Geomechanics: David Grégoire
Dr. David Grégoire (HDR) graduated from the ENS Cachan in 2004. He then obtained his PhD in Mechanics from INSA-Lyon (2008) and joined Northwestern University (USA) as a postdoctoral research associate. A year later, he returned to France for a second postdoctoral position at UPPA where he was finally hired in 2010 on a tenure track position (Ass. Pr.) associated with a CNRS / Higher Education chair for five years on geomechanics. This chair allowed him to boost his early carrier with a reduced teaching load and a specific grant for building new research projects.
The geomechanics chair is focused on porous materials and particularly on the multi-physics couplings appearing at the small scale, but with significant consequences at the large scale of a structure or a reservoir. This encompasses damage, failure and transport couplings in mesoporous materials and adsorption-induced swelling in microporous materials. Experimental tests, modelling and numerical simulations have been performed to characterise materials, to build databases, to enhance existing models and propose new ones, to validate and compare results at the material scale and the structural scale.
Several advances have been obtained in multidisciplinary domains. A unique experimental database of fracture tests investigating size effect and boundary effect has been built. This database was then used to demonstrate that a lattice-based approach is capable of capturing the global and the local failure processes of quasi-brittle materials, whereas a classical continuum nonlocal approach fails. This lattice-based approach has then been enriched to study failure and transport couplings. The interactions of a propagating crack, stimulated by fluid injection, with an existing network of natural joint, have been studied and experimental comparisons have been performed. Gas molecule transport through a damageable porous media has been also studied. A new strategy has been proposed to estimate directly, and without any fitting parameters, the intrinsic and the apparent permeability of a mesoporous material, based only on the measurement of its pore size distribution by mercury intrusion. The interactions of the fluid molecules and the pore walls are taken into account and the experimental Klinkenberg’s law is recovered. At a lower scale, down to the nanometric size of a pore, fluid/structure interactions and fluid confinement effects have been properly upscaled through enhanced poromechanics to predict adsorption-induced swelling in microporous materials.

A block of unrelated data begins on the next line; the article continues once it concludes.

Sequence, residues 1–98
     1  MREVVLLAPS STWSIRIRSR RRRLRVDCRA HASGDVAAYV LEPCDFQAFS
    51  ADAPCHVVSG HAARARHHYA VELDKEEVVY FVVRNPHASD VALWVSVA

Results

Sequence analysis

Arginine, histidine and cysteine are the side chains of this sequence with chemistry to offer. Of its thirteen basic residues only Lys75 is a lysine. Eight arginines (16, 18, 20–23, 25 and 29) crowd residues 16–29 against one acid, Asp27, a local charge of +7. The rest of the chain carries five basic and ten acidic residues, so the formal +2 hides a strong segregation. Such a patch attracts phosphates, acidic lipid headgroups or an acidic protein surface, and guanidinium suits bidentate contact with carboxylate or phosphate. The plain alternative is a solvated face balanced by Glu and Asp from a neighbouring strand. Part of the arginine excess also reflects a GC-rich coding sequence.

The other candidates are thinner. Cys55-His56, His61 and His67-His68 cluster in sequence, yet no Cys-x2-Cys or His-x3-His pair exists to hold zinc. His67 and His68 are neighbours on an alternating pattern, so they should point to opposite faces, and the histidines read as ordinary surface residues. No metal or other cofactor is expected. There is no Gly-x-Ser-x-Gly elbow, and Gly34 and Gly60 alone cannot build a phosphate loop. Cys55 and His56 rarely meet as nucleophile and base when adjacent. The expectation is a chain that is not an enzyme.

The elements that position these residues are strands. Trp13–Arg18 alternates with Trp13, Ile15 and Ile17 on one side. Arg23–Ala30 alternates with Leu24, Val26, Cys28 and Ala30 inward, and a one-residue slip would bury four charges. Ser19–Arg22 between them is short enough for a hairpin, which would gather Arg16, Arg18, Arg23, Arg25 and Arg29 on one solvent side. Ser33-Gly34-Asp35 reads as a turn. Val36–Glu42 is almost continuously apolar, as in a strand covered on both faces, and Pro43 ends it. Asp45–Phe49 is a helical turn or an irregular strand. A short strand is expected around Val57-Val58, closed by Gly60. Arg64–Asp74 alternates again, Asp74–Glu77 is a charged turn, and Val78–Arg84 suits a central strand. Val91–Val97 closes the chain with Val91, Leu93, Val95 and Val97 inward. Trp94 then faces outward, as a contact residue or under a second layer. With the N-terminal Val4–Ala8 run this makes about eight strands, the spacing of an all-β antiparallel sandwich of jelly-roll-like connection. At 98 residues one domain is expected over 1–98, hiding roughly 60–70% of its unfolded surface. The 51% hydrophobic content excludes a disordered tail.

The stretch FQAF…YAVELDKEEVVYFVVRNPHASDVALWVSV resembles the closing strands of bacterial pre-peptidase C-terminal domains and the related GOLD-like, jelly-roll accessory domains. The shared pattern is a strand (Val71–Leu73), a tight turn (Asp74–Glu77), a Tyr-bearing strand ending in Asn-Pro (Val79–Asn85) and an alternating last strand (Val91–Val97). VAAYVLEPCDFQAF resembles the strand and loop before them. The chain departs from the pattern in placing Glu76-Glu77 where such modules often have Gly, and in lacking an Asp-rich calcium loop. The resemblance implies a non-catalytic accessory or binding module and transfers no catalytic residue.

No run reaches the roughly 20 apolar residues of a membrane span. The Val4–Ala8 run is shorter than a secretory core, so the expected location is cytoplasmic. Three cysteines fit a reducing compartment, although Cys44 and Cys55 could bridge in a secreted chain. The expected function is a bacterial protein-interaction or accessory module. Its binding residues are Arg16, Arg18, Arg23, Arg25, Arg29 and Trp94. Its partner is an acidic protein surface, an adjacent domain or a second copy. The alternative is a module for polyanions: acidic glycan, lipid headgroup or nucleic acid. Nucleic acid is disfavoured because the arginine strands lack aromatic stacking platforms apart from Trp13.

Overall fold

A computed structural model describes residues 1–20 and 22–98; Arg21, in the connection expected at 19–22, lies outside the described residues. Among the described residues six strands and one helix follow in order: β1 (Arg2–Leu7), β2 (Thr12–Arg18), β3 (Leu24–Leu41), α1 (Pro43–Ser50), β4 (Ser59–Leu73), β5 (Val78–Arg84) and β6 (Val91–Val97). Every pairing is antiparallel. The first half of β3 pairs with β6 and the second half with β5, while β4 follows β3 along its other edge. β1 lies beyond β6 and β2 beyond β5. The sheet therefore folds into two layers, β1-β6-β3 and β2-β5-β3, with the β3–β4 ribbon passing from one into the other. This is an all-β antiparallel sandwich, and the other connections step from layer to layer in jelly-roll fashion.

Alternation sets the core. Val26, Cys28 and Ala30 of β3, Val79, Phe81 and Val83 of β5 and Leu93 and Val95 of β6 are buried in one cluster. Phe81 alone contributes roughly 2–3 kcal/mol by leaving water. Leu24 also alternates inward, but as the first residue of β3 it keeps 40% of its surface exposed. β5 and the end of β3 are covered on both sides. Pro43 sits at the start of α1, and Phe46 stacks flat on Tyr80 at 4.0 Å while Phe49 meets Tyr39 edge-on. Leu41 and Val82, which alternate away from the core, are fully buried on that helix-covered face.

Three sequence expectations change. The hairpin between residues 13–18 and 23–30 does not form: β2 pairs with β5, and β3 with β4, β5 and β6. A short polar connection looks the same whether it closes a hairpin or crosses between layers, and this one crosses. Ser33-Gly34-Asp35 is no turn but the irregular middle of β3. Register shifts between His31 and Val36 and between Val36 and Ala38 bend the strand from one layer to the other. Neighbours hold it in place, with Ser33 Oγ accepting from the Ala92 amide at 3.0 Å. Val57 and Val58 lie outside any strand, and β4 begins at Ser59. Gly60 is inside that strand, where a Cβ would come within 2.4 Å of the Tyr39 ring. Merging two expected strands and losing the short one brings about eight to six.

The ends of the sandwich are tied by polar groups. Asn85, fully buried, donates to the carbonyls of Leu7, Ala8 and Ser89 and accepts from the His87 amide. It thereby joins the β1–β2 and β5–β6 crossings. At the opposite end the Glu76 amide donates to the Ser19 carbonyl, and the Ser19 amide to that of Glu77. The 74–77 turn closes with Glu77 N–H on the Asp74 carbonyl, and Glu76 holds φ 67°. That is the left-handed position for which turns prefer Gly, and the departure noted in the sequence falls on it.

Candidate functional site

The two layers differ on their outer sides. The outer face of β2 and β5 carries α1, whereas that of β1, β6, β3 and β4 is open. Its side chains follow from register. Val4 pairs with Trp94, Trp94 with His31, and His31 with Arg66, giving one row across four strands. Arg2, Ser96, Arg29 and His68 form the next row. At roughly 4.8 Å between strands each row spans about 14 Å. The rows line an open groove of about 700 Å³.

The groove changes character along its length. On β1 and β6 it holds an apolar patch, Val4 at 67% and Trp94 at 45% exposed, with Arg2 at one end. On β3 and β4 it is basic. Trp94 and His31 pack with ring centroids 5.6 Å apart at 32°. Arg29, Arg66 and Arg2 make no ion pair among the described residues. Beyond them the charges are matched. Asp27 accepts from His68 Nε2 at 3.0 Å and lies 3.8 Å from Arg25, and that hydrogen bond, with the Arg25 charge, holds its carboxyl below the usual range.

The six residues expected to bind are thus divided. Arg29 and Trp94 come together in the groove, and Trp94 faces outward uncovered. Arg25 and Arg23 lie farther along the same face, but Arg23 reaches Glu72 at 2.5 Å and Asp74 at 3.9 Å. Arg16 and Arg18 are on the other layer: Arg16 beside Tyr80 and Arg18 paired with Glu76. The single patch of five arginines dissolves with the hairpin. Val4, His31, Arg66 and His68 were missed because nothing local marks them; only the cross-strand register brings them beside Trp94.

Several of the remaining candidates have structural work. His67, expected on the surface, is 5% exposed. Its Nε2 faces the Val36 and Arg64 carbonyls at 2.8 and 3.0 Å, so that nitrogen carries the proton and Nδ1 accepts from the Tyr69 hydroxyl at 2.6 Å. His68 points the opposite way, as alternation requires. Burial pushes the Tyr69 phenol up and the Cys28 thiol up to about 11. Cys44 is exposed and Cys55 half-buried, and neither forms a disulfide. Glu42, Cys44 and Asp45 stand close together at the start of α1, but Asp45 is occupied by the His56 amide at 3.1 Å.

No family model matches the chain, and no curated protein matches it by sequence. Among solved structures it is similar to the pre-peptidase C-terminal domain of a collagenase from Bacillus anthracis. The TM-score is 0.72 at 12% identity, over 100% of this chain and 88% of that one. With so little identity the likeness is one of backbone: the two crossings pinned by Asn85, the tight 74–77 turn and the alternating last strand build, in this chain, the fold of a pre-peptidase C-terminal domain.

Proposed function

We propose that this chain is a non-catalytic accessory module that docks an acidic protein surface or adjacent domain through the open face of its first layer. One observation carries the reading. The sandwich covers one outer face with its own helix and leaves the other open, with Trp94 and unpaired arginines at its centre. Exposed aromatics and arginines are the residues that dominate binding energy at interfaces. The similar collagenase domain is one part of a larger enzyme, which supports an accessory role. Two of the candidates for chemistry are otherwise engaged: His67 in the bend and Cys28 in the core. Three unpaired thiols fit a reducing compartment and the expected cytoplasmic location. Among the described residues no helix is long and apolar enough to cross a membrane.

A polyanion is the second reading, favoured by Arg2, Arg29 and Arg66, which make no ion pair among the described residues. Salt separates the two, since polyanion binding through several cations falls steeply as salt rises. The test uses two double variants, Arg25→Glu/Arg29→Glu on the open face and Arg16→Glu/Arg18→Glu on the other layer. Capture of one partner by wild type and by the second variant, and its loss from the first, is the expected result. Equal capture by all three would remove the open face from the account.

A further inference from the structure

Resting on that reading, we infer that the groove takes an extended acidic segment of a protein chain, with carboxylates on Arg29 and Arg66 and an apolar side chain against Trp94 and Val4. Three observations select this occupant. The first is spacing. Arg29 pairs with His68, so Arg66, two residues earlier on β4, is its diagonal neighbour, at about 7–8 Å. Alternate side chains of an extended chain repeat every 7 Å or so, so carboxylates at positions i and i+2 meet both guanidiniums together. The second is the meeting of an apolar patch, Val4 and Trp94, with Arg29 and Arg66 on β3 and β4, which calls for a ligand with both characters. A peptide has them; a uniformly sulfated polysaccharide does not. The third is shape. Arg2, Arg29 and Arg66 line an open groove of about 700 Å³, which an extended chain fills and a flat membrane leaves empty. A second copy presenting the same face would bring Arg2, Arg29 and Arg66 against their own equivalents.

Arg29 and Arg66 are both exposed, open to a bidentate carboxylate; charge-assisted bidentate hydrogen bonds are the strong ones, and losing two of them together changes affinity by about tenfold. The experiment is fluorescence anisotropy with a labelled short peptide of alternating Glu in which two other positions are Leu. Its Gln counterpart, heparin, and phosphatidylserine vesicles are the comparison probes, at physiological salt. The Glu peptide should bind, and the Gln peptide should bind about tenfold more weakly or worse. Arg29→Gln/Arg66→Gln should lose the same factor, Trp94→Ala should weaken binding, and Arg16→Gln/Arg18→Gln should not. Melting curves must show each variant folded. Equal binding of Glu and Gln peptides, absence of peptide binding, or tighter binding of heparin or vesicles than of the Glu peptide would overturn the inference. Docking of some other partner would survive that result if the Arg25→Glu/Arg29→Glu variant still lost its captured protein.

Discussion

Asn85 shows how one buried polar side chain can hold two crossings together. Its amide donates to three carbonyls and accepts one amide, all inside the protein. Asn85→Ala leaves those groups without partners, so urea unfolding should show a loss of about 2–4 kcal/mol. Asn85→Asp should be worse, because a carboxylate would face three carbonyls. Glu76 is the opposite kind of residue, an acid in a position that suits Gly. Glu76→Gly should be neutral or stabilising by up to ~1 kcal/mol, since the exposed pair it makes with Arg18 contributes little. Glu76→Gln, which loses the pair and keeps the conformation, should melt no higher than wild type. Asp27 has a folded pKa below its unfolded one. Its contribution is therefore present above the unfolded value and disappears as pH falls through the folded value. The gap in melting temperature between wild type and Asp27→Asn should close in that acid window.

During this five years period, David Grégoire published 18 articles, two book chapters and he disseminated his results at 50 conferences. He also supervised five PhD students, three postdocs and was involved in 19 public and private projects including eleven as the principal investigator. He was defended his Habilitation Thesis in 2014 and after the end of this chair, he took the lead of his research team (Geomechanics and porous media – 19 people). David Grégoire is a member of two EMI committees and is an HCERES expert. He was awarded twice nationally and twice internationally and has organised four conferences.